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Fast Food Health Eating

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Fast Food Health Eating

Michael A. Williams

English 135, Section L

DeVry University- Chicago

Professor Loretta Nyhan

06/10/2010

Abstract

Elevate the concern for what you eat and become a healthy shopper with your fast-food choices. Most of the food industry is safe to a degree. However, one area that can be improved within this industry is stronger food regulations for safer fast foods. The FDA, (Food and Drug Administration), should change the current way of doing business that affects our food industry. We are not aware of the great deception of our food industry; in addition, nothing is begin done for the great sickness as well as loss of life due to food borne illness within the country.

Many Americans continue business as usual eating out at various fast-food chains feel mild symptoms of illness without contributing it to the food that was just digested. Laws and regulations need to change. Sanitation guidelines and classes should be a must in every aspect of the food industry. No one should own, operate, and/or produce within the food industry unless every possible precaution for food contamination within a food related emporium has been inspected and secured.

Fast Food Health Eating

Most of the food industry is safe to a degree. However, one area that can be improved is stronger food regulations for safer fast foods. Fast food chains need to tighten up the food regulation areas. Food safety is very important to healthy eating. Most these chains have lost the quality of their products because of poor regulations and safety.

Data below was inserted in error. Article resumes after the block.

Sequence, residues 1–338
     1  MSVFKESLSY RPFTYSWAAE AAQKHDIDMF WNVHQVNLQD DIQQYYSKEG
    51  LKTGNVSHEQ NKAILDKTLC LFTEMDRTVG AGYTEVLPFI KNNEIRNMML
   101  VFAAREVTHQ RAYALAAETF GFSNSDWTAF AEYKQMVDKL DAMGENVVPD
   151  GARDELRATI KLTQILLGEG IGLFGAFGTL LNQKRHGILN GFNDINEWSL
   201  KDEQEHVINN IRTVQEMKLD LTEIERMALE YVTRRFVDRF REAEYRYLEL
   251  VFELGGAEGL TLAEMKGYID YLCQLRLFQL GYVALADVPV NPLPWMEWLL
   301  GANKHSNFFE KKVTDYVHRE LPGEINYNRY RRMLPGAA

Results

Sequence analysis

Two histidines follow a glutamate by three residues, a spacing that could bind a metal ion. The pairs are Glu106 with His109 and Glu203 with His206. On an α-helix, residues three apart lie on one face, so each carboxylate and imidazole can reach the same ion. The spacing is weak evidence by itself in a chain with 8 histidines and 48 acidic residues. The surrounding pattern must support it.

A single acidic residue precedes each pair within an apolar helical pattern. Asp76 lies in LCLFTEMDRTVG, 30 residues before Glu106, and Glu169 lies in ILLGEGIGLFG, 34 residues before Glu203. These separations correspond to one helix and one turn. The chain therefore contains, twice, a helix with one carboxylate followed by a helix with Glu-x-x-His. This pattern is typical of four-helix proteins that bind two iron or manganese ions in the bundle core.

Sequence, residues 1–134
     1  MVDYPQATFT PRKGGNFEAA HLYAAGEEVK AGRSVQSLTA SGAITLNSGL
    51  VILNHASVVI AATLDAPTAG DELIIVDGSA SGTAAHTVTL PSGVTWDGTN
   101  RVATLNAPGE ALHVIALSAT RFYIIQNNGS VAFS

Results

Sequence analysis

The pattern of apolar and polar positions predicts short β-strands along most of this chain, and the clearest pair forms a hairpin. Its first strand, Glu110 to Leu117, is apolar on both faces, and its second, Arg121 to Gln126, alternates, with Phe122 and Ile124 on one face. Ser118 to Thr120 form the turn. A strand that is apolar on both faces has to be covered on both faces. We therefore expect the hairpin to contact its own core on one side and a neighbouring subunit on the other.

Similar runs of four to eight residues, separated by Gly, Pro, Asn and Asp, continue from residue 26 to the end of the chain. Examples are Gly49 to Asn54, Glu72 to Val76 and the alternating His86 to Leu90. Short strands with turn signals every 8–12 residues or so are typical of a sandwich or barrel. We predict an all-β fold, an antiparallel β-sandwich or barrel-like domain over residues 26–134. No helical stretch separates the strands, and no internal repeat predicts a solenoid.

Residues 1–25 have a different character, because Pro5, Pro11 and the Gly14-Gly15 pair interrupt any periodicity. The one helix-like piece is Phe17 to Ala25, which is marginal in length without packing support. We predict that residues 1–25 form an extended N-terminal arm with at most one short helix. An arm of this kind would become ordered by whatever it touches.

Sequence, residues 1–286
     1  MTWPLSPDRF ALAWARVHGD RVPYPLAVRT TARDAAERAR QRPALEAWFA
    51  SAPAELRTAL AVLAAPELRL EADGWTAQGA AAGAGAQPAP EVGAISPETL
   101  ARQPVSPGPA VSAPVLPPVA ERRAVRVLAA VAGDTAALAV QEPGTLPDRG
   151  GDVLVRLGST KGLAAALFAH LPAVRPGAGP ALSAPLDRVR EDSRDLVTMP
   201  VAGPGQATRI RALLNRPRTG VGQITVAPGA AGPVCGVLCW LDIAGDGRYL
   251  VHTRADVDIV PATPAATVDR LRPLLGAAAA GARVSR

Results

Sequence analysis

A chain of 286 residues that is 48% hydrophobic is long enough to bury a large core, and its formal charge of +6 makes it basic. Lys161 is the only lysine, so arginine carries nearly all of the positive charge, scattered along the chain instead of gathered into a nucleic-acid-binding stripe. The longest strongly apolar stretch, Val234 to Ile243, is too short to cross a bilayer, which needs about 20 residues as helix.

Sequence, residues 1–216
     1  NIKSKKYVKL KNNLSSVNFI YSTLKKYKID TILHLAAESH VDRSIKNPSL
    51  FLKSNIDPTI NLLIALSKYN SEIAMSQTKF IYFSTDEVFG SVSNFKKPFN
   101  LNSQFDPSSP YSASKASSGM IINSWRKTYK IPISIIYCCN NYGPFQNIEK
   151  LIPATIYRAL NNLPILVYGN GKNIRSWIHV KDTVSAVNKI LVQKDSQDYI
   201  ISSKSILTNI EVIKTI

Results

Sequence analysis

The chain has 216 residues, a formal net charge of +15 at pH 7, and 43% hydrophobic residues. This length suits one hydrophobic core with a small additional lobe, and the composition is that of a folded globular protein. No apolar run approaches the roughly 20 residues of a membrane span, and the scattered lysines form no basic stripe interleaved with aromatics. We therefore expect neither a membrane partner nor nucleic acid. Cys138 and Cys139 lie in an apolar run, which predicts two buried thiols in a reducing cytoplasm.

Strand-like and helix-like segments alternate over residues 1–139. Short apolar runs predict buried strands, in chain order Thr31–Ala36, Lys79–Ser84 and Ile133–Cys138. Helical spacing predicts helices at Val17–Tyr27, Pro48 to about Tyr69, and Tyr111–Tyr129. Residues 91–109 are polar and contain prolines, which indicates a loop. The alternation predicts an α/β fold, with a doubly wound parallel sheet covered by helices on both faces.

I have observed multiple safety violations while patronizing many of these chains. By personally witnessing several things such as employees handling my meals and money simultaneously, improper contact with personal anatomic areas, coughing, sneezing and blowing their noses while reaching to wrap my food. Most times I saw bare hands touching food; as well as, safety concerns, you would assume is limited to the entry level food preparer, which are new to his/her position within these establishments; nevertheless, sadly, I have been the unfortunate by-stander of managers acting out these same practices, essentially endorsing the potential of contamination throughout their products. I have become very leery of consuming food prepared out of these chains.

People appear not to even care nor be alarmed about the horrific madness that is running rampant throughout our world. Within every country there are unsafe food handling practices going on. Many of these actions are do to lack of food handling education and sanitation practices. Why do we allow this to continue? Why no one cared to stop this outrageous practice? I hope to bring some light to the subject through this research paper and possibly an answer to how we can stop this practice. I do know that if we really enforced the universal precaution rules and the food sanitation laws these bad food-handling practices will come to a halt.